Politics & Government

Laws help make Washington state veteran-friendly

Gov. Jay Inslee signed into law several measures Wednesday that aim to help veterans in Washington.

One new law will automatically award veterans and their family members in-state tuition at the state’s public colleges and universities. State law normally requires students to live in Washington for a year before they become eligible for the benefit.

Senate Bill 5318 will also extend resident tuition to active-duty military members who are stationed out of state but who have maintained a home in Washington.

Inslee said Wednesday it’s important for Washington to build up transition programs for people leaving the military, which includes making it easier for veterans to pursue an education.

“We want all veterans from all services to retire in Washington,” Inslee said.

Other veteran-related measures that Inslee signed Wednesday include:

 • House Bill 2363, which allows family members of military personnel to remain eligible for developmental disability services in Washington — even if military orders cause a soldier to move out of state.

 • Senate Bill 5969, which requires institutions of higher education in Washington to adopt policies for awarding academic credit for military training.

 • Senate Bill 5691, which establishes a new veterans home in Walla Walla.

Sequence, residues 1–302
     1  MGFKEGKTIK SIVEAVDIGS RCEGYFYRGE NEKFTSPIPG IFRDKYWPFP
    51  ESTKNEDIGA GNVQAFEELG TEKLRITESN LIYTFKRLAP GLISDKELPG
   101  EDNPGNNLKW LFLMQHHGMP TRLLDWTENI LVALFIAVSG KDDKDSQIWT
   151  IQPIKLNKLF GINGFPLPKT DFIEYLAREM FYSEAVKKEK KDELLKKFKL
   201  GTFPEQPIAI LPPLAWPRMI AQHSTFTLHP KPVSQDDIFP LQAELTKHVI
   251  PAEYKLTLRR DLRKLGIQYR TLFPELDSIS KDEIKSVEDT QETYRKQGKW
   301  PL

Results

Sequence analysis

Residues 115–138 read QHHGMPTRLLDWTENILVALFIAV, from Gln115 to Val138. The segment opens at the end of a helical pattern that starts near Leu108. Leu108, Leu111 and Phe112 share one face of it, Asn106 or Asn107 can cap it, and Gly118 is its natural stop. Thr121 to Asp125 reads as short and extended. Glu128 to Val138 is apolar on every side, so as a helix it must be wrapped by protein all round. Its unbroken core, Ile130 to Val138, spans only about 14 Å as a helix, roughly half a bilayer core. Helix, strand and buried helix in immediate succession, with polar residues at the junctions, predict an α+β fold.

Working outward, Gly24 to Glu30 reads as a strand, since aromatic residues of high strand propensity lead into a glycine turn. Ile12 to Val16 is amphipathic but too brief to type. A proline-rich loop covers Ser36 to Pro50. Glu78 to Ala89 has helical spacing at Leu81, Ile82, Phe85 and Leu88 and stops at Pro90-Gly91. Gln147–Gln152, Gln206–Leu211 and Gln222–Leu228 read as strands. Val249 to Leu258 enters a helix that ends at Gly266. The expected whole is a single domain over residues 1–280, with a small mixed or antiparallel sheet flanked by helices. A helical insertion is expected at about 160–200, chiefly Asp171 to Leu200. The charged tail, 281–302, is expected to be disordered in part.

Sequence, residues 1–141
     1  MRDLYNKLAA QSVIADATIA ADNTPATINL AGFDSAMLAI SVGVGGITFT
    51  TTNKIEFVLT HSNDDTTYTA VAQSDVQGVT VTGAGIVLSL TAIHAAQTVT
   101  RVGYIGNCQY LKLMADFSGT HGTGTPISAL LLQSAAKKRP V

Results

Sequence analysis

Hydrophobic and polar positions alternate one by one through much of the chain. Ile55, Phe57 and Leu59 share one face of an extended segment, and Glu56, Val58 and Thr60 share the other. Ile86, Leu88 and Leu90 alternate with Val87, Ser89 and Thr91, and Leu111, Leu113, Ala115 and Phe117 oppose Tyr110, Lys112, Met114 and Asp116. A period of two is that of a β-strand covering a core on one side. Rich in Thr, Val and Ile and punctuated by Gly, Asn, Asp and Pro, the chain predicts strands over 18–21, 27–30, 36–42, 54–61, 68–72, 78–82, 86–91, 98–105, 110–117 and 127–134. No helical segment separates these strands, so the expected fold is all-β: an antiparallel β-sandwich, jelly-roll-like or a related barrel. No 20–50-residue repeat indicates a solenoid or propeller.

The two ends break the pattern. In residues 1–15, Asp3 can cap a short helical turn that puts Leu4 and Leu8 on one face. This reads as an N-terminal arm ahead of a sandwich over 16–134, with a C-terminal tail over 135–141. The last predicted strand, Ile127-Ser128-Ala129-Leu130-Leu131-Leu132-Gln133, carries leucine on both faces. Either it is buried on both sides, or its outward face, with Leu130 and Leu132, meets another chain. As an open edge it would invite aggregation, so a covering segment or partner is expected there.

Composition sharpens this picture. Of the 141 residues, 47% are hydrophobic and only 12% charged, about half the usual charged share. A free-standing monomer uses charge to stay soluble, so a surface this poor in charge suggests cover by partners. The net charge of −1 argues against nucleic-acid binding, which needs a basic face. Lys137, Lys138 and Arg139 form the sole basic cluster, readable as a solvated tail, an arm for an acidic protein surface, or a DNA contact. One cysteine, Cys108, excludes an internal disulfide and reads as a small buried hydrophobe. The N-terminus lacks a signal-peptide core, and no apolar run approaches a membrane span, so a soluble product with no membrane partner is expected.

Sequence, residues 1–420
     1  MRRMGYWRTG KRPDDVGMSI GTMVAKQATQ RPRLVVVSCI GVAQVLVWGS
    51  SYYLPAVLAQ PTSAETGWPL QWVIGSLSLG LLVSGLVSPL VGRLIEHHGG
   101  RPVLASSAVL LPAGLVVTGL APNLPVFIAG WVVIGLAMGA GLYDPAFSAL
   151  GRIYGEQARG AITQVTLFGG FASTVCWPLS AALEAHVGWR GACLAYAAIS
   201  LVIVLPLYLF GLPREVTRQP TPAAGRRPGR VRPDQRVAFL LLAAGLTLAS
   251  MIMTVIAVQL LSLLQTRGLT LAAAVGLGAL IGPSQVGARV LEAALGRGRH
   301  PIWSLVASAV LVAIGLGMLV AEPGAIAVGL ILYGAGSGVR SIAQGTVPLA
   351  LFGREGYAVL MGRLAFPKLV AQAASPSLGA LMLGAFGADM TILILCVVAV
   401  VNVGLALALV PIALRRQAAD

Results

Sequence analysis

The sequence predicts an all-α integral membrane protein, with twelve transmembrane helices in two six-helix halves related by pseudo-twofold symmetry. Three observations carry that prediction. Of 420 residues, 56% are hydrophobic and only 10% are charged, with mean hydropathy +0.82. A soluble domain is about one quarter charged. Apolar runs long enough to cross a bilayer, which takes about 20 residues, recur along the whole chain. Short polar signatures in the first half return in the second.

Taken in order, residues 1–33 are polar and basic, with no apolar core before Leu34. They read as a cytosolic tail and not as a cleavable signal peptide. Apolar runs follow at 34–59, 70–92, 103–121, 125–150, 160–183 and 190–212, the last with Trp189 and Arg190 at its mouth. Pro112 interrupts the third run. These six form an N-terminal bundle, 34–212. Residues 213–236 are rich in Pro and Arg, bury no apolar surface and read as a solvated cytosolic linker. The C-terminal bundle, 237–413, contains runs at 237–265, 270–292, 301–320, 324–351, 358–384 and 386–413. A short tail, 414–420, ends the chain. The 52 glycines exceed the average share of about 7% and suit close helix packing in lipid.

• House Bill 2397, which lets Medal of Honor recipients receive three special Medal of Honor license plates. Current law only allows Medal of Honor recipients to receive one special license plate.

 • Senate Bill 5775, which allows honorably discharged service members to apply for a veteran designation on their state-issued driver license or ID card. The new designation will become available starting in August 2017.

 • House Bill 2130, which requires the state Department of Veterans Affairs to notify veterans about Washington’s Veterans Innovation Program and help them apply. The program provides funding for education, training and employment opportunities, as well as support during times of crisis. The law will also extend the program beyond 2016, when it was scheduled to end.

With the exception of the law to create a veteran designation for IDs and driver’s licenses, all the laws will go into effect in mid-June.